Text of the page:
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Pausa

wirthby Emily Wirth

Pausa. A break or hold. A time for the citizens of Cagli to kick back their feet and relax. In the traditional American sense, this is also lunchtime. As a working American, it is my dream to have a two hour lunch break. I would close the office and make my way home for a nap, returning hours later refreshed and rejuvenated; if I did not want to return to work, I would simply keep the office closed until the next day. While taking classes in this beautiful culture, it is my ambition to eat lunch, take a cat nap for the remainder of pausa, then return to my studies when ready. However, first I must set off on an adventure to find somewhere able to feed my empty belly.

Before we arrive we are informed the bars in Cagli are the only businesses which remain open during pausa—they are called bars, but are more comparable to an American cafe in the sense that they serve food, snacks, coffee, pastries, and of course alcoholic beverages. It is the first day here and I walk into a promising shop. In the food display next to the cash register (resembling the pastry case at a Starbucks) there are premade panini and foccacia sandwiches and brioche pastries. The sandwiches are small, about the size of a 6 inch sub from Subway, and are only decorated with an unidentified meat (although if you are lucky it may come adorned with cheese or tomatoes). Since I do not know the language to ask for cheese and vegetables, and I do not know the cultural expectations as far as the appropriateness of my asking for lettuce, mayonnaise and honey mustard, I point to the most promisingly familiar sandwich and say, “questo per favore. Gracia.” “This one please,” then the Spanish word for “thank you.” Oops! I am finally given the chance to show off the only four Italian words I know and I messed it up! I am more hopeful about my next speaking experience and promise myself I will improve with time.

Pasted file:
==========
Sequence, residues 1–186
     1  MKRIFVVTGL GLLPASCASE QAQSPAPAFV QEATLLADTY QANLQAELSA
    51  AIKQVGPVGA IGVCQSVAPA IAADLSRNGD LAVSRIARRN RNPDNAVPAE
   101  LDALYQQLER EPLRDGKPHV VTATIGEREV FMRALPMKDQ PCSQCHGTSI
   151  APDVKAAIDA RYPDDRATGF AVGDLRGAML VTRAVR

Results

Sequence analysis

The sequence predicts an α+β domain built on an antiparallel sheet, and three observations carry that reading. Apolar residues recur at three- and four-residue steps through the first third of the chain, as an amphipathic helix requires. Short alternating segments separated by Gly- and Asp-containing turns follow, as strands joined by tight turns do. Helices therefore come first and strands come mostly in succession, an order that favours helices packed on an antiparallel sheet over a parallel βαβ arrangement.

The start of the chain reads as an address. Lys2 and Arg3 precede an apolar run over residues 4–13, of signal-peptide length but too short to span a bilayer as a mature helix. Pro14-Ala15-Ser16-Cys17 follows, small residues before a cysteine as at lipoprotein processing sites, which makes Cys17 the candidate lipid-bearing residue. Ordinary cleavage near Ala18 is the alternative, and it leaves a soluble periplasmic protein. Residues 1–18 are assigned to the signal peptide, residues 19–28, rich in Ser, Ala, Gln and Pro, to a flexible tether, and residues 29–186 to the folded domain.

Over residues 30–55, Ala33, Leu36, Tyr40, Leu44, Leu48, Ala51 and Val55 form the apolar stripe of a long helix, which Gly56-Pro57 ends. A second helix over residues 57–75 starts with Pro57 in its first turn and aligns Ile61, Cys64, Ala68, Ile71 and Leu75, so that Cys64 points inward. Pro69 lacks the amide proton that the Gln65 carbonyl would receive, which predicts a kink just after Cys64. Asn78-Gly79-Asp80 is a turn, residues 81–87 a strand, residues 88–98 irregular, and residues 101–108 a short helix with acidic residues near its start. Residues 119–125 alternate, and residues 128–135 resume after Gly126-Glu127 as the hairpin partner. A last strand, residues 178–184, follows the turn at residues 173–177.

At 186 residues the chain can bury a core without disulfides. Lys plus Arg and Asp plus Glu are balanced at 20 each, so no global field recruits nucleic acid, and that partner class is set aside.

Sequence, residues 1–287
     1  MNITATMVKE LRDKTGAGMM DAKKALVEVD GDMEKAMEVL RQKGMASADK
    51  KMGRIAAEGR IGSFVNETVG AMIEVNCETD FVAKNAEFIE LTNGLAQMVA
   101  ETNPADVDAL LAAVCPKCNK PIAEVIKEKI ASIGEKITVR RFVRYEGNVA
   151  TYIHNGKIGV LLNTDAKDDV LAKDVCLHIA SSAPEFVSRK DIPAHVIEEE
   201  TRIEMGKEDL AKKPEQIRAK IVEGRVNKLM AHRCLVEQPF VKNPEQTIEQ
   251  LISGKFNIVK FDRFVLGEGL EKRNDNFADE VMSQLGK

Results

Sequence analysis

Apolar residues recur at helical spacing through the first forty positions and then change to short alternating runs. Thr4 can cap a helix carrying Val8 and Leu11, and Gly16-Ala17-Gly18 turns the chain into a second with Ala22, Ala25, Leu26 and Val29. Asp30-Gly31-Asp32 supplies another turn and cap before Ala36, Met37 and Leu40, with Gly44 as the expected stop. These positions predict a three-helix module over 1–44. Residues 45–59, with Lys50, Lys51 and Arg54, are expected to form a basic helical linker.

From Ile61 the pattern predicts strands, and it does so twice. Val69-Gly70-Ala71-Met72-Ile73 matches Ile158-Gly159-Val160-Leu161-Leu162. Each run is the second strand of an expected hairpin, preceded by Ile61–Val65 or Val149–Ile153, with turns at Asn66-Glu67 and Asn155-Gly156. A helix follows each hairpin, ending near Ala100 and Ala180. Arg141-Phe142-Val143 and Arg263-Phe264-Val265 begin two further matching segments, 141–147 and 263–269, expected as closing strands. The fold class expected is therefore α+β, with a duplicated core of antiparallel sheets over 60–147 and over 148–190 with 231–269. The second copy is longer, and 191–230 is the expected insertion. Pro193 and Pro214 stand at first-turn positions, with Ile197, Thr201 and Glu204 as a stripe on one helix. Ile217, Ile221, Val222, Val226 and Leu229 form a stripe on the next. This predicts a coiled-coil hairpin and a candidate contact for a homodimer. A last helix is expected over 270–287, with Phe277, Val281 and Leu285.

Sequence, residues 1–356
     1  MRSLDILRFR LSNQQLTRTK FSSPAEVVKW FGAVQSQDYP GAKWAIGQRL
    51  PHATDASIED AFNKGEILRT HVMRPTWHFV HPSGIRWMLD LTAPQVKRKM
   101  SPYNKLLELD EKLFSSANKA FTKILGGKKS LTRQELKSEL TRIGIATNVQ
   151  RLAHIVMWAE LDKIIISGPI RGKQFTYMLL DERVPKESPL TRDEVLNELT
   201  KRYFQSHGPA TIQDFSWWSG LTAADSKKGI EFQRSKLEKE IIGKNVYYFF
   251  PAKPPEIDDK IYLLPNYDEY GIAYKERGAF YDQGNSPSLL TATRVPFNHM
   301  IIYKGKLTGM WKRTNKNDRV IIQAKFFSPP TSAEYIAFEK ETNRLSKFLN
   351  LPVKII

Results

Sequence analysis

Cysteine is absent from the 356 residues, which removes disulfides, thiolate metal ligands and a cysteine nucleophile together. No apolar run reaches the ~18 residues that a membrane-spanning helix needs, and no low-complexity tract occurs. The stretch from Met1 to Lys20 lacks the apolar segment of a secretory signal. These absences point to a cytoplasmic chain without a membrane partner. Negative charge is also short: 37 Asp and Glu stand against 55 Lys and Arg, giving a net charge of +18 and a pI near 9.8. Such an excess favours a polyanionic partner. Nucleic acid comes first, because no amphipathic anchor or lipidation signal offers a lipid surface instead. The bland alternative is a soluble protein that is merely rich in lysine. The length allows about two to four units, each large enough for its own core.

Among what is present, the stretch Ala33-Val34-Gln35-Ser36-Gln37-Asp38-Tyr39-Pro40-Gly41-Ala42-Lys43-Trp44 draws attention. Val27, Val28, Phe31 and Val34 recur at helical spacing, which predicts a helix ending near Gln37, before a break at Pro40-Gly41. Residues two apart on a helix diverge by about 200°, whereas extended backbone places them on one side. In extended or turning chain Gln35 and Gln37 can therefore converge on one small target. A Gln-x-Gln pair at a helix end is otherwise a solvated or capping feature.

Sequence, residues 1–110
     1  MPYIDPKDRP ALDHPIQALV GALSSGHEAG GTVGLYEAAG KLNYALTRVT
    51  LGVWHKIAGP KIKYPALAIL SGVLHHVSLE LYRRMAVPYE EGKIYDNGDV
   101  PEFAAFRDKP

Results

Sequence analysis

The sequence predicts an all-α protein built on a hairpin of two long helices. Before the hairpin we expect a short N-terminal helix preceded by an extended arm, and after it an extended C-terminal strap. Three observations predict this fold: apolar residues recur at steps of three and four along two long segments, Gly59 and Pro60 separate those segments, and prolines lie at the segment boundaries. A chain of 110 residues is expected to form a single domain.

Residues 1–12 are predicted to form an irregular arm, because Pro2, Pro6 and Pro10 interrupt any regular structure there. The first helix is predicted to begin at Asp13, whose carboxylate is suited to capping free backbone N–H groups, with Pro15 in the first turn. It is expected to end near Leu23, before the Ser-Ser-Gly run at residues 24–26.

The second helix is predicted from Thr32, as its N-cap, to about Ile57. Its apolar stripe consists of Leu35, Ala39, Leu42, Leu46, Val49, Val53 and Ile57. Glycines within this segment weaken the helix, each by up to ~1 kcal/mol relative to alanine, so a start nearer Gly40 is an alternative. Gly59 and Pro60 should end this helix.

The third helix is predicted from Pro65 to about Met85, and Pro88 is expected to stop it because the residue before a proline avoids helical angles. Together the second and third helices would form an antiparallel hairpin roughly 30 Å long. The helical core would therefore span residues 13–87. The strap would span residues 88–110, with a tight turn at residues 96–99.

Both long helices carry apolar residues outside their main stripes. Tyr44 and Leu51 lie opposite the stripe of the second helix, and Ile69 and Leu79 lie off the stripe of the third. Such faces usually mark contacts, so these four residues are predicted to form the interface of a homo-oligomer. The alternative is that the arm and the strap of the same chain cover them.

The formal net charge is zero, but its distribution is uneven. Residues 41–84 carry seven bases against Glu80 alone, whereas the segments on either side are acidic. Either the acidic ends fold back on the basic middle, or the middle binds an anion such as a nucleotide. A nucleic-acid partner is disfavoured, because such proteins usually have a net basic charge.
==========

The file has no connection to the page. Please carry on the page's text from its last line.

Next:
The sandwich turns out to be quite enjoyable. The meat is salty and does not require any condiments, and the bread tastes more like a biscuit. However, I can see I will soon get sick of this diet and am worried about how this change in eating habit will affect me physically (at home I am in the habit of supplementing foods high in vitamins and minerals to stay my leg cramps). The sensible person would just go to the grocery store and make lunch every day. This person has never been to an Italian grocery store. Not only is it also closed during pausa and open while we are in class, but the stores contain Italian food and this food is labeled in Italian. American milk, bread and butter are not the same as Italian milk, bread and butter. What is a girl to do?

The American reading this may comment on how inefficient pausa is to the community. However, the Italians do not think this way. Pausa is a way of life, and instead of adjusting our study schedule around the Italian lifestyle, we have taken our American school schedule with us to Italy and expected the country to accommodate us. Why should I expect the shops to be open during pausa, a tradition dating back hundreds of years before my country was founded? Furthermore, profit does not seem to be as important as quality of work to the citizens of Cagli (I think of the famous Italian shoes and hand bags we Americans so covet). I know after a few hours of working I am not operating to the best of my abilities, and my work slowly loses quality. Would we not all benefit from the integration of pausa in our lives? Do not we need a break or hold from our busy, materialistic activities? My best choice is to adjust my cultural norms to those of my surroundings; only then can I reap the benefits of my time here.


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